As I mentioned when reviewing Bakemonogatari, its strengths were mostly in its handling of its concepts, its weird execution and its character interaction (and the relative importance of those characters), but not so much in its overly long conversations and dialogue. I mention this because Nisemonogatari is almost entirely the latter, as virtually everything about it seems structured around goofy, meaningless conversations and annoying wordplay over anything interesting, and the end result is plots that could be resolved in four episodes, total, taking eleven. Still, it would be fine if the rest of the content were at least structured, but even then, that’s not the case; maybe two episodes, total are actually devoted to developing Tsukhi’s particular plotline in any way, while the rest of the time is devoted to entirely too much fucking talking about absolutely nothing interesting or useful whatsoever. The anime spends nine of its eleven episodes focusing on Karen in thought and deed, most of which is also a lot of talking, but the worst part is that while the anime claims it’s divided into a seven/four episode structure (with seven episodes focusing on Karen and four on Tsukhi), that’s not even the case, because the first two episodes of Tsukhi’s arc are about Karen anyway, and the third is mostly about Shinobu and Kaiki. By the time we actually get to the point where Tsukhi is involved in her own story arc, it’s the end of the third episode… and then we go back to Shinobu and Koyomi doing stuff. It’s maddening, as the anime is almost entirely interested in either preening over its existing characters (and I do mean preening, as outside of Shinobu, the sum total “character developments” that come up are “Hitagi and Tsubasa get haircuts”), making Karen mean something (but not Tsukhi for God knows what reason), or trying desperately to make Kaiki mean something. It’s insane, and the whole point seems exclusively to be to focus on the writing of the author over all else.
Now, I know a whole lot of people are really in love with Nisio Isin and his writing, and that’s fine; I’m sure that, much like Stephen King in the US, his writing’s masterful if you’re of the right mindset. That’s fair. That said, however, it doesn’t translate especially well to animated form, because in the end you’re mostly just left with five hours of a bunch of well-animated nothing, and it’s really not very engaging. There’s a sequence at the end of Karen’s actual storyline (as opposed to the part where she takes over Tsukhi’s story with weird sex stuff) where Koyomi, Hitagi and Kaiki have this extended conversation about what is and isn’t real, and it’s just wholly uninteresting and unsatisfying as a sequence, let alone as a narrative denouement. Literally nothing of value happens, and while this probably would’ve been a fun sequence in a novel, where you can investigate the thought processes of those having the conversation and bring the discussion to life through descriptive elements… in an anime it’s just an extended cutscene, honestly, and a boring one, at that. It also doesn’t help that most of the characters are essentially uninteresting, and most of the surreal nature of the anime feels forced. While Koyomi comes across fine enough (if a bit needlessly overprotective) and Karen is likable if a bit overly impetuous, Tsukhi is basically given no time to develop into anything, Hitagi comes across as the most unlikable human being on planet Earth, even against Kaiki, and every other existing character just reverts to type and does nothing of particular note. Meanwhile, while Kaiki is at least mildly interesting narratively speaking, Kagenui and her ally (who is so aggressively uninteresting I’ve forgotten her name) are the most rushed and uninteresting narrative final boss characters I’ve seen in a long time. Kagenui herself might become interesting at some point later thanks to her connections, but in this arc she’s just a rushed and violent means to an end, and she matters not even a small bit to the story here as it limps to a conclusion that’s utterly unsatisfying all the way around.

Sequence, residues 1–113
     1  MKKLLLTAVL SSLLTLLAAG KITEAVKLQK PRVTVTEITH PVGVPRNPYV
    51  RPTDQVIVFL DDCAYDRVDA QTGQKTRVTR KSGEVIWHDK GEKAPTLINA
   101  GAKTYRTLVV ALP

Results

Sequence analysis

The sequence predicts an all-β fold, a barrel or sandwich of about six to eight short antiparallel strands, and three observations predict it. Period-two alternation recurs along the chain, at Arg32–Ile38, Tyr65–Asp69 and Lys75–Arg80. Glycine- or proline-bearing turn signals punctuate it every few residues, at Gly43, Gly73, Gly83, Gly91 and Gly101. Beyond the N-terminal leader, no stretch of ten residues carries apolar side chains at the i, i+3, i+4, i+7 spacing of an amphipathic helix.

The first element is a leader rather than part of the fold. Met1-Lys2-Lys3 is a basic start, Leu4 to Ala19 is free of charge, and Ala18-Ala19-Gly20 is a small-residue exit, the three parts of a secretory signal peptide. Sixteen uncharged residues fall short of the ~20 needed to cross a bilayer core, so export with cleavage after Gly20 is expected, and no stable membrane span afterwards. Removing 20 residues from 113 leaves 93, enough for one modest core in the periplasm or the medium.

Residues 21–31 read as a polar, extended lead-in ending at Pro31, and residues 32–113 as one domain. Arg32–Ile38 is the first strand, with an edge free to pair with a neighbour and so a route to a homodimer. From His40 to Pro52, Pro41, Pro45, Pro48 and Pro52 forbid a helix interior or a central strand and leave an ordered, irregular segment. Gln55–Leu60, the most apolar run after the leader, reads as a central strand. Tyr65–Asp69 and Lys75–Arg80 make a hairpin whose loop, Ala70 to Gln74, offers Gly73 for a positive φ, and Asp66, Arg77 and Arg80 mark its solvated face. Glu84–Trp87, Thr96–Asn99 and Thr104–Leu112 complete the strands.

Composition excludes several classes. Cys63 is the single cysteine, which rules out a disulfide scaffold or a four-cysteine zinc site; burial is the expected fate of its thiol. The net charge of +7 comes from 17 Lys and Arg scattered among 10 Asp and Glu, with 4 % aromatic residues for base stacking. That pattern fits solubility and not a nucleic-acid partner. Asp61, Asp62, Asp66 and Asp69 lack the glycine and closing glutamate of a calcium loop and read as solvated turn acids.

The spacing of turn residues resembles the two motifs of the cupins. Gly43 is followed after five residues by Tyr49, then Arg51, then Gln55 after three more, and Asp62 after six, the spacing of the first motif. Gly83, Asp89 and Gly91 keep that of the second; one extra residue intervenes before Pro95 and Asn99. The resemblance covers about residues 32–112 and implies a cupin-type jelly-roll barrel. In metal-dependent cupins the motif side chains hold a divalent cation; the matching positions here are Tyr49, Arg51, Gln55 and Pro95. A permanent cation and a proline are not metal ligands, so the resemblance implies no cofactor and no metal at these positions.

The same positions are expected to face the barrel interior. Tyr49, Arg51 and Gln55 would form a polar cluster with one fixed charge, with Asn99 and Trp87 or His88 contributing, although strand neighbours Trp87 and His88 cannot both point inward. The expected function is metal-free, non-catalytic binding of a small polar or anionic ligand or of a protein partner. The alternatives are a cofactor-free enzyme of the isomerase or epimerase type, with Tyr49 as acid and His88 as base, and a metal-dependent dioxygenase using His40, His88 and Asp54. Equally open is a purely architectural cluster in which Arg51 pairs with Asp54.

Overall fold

I tried, honestly I did, to like this, but it’s just so far beyond me as a person I can’t even begin to understand what the appeal is here. Monogatari as a franchise seems like it’s something that would’ve been better had it stayed in its written form, rather than as an anime, and while I liked Bakemonogatari perfectly fine, Nisemonogatari was such a complete mess that I couldn’t comprehend it. It wasn’t enough to dissuade me from continuing the series, as I did give Monogatari Second Season a go (though the first episode was more than enough to change my mind), but it was absolutely a lesser piece of work overall. The narrative is unfocused and far too in love with its lengthy and generally uninteresting conversations, the plot plods along early before rocketing to a condensed and rushed conclusion, and there’s just nothing here that resonates or sticks with you. It’s not great, is the key point of this dissertation, and it’s content to get to its flat and uninspired ending as slowly as possible, without developing anyone or anything along the way except possibly perverse stuff between the protagonist and his sister, and a three-character relationship that this series doesn’t do anything with except set up for later use. I’m happy for you if you love it, but I don’t, and if you haven’t seen it, you really shouldn’t unless you were in love with the windy discussions of the first anime. As one Crunchyroll reviewer described it, it’s Seinfelf in anime form, but unlike that reviewer, I absolutely do not mean that as a compliment.